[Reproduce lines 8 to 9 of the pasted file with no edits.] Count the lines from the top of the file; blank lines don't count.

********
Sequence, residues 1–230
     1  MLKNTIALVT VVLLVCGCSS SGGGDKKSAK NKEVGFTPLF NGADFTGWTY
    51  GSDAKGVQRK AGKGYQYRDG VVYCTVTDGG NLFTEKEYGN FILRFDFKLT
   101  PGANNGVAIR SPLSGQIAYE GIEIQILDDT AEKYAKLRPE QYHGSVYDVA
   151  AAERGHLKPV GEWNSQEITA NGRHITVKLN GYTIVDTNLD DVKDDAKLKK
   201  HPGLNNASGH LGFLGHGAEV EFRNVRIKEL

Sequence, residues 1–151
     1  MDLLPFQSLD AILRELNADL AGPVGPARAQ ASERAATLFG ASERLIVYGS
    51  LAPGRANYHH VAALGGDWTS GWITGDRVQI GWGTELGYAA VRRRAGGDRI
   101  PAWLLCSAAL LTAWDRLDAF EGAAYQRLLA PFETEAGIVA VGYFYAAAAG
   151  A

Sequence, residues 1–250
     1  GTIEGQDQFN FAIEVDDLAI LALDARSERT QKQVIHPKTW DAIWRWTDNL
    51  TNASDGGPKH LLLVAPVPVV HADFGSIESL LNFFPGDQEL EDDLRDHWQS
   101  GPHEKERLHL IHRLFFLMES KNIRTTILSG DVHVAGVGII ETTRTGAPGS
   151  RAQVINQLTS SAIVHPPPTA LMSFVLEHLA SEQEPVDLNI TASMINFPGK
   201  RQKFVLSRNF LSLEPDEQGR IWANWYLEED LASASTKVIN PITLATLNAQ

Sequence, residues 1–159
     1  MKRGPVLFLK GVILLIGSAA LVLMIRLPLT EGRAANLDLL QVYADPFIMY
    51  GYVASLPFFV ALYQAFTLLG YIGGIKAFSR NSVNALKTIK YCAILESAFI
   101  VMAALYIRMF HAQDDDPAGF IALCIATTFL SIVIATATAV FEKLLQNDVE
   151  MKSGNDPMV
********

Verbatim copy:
     1  MDLLPFQSLD AILRELNADL AGPVGPARAQ ASERAATLFG ASERLIVYGS
    51  LAPGRANYHH VAALGGDWTS GWITGDRVQI GWGTELGYAA VRRRAGGDRI